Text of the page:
Golang: Decoding HTTP Response

TL;DR

  • Each step of deployment process should be independent of each other.
  • json.Unmarshal applies to single JSON object, json.Decoder#Decode applies to JSON stream.

The Problem

I was working on a Go project, and one of the functions could decode an HTTP response to a Customer object. The HTTP response was a JSON like:

{
  "data": {
    "id": 123,
    "name": "Jason"
  }
}

The old decoding code was:

import (
    "encoding/json"
    "errors"
    "net/http"
)

type Customer struct {
  ID    int    `json:"id"`
  Name  string `json:"name"`
}

func dataFromResponse(r *http.Response) (*Customer, error) {
  defer r.Body.Close()
  type Response struct {
    Customer *Customer `json:"data"`
  }
  res := Response{}
  if err := json.NewDecoder(r.Body).Decode(&res); err != nil {
    return nil, util.Error(util.Internal, "failed to convert response to Customer: %s", err.Error())
  }
  return res.Customer, nil
}

For a very good reason, we were going to change the ID field from int type to string type.

{
  "data": {
    "id": "123",
    "name": "Jason"
  }
}

The change seemed to be painless, but having service availability in mind, I would say it was not that straightforward.

The Solution

The client, which decode the response, and the server, which send out the response, were two different projects. If I simply had two PRs that change the type on each side, it could not be guaranteed that they could be deployed at the exact same time. (I'd like to blame Jenkins, lol). So, these were the three steps I did for this change:

  1. Client – take in both ID in int and ID in string
  2. Server – send out ID in string
  3. Client – accept only string type ID

The third step was not super necessary. The only reason I did that was I did not like the hacky logic for step 1. I personally value the code readability over unnecessary robustness.

My code for step 1 was:

import (
    "encoding/json"
    "errors"
    "net/http"
)

type CustomerStringId struct {
  ID    string `json:"id"`
  Name  string `json:"name"`
}

type CustomerIntId struct {
  ID    string `json:"id,int"` // decode it from int in JSON to string
  Name  string `json:"name"`
}

func dataFromResponse(r *http.Response) (*Customer, error) {
  // copy the content of response body, so it can be reused later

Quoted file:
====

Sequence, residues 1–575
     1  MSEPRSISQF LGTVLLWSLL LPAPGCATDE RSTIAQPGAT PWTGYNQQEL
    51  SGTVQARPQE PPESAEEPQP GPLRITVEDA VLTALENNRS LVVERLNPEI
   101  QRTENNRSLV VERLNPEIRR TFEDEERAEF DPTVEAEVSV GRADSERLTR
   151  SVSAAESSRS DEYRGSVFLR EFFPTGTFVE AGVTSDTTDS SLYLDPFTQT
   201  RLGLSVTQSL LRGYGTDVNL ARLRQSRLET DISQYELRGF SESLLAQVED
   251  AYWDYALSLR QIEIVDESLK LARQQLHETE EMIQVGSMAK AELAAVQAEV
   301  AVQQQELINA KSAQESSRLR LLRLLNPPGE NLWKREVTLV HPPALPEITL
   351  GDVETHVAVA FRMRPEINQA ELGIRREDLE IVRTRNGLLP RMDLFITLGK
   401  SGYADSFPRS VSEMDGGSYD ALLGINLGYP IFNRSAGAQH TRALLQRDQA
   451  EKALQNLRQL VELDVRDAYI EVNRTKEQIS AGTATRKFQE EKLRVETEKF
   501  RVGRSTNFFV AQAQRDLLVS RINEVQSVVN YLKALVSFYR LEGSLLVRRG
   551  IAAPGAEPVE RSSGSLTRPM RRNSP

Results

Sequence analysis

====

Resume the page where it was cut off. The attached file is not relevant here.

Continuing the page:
body, err := ioutil.ReadAll(r.Body)
  if err != nil {
    return nil, util.Error(util.Internal, "failed to read the body of response: %s", err.Error())
  }
  defer r.Body.Close()
  type Response struct {
    Customer *CustomerStringId `json:"data"`
  }
  // try to decode body to CustomerStringId
  res := Response{}
  err = json.Unmarshal(body, &res)
  if err != nil {
    // if failed, try to decode body to CustomerIntId
    type Response struct {
        Customer *CustomerIntId `json:"data"`
    }

    resInt := Response{}
    if err := json.Unmarshal(body, &resInt); err != nil {
      return nil, errors.New("failed to convert response to Customer: %s", err.Error())
    }
    // copy CustomerIntId to CustomerStringId
    res.Customer.ID = resInt.Customer.ID
    res.Customer.Name = resInt.Customer.Name
  }
  return res.Customer, nil
}

This method could try twice to decode the response. The first run was unmarshaling ID from the string type, and the second run was from the int type. In this case, I could not use json.Decoder#Decode, since it would read the response message to EOF and could not be rewind. Instead, the response body was read into a variable and decoded with json.Unmarshal.

After step 3, the code was simplified back to only accepting string input.

import (
    "encoding/json"
    "errors"
    "net/http"
)

type Customer struct {
  ID    string `json:"id"`
  Name  string `json:"name"`
}

func dataFromResponse(r *http.Response) (*Customer, error) {
  body, err := ioutil.ReadAll(r.Body)
  if err != nil {
    return nil, util.Error(util.Internal, "failed to read the body of response: %s", err.Error())
  }
  defer r.Body.Close()
  type Response struct {
    Customer *Customer `json:"data"`
  }
  res := Response{}
  if err := json.Unmarshal(body, &res); err != nil {
      return nil, errors.New("failed to convert response to Customer: %s", err.Error())
  }
  return res.Customer, nil
}

At this point, it seemed that the problem had been solved, but I got another question in my mind. Before this change, json.Decoder#Decode was the function for decoding, and it was replaced with json.Unmarshal during the change. Both functions seemed to be working fine, so what’s the difference between them?

After some research, I got the following conclusion:
* Use json.Decoder#Decode if the data is coming from a stream.
* Use json.Unmarshal if the JSON data has already been in memory.

In my case, json.Unmarshal could be a better choice since the response was not a stream and the data size allowed me to load it into memory.

Problem solved!

References

Golang Official Document – Package json

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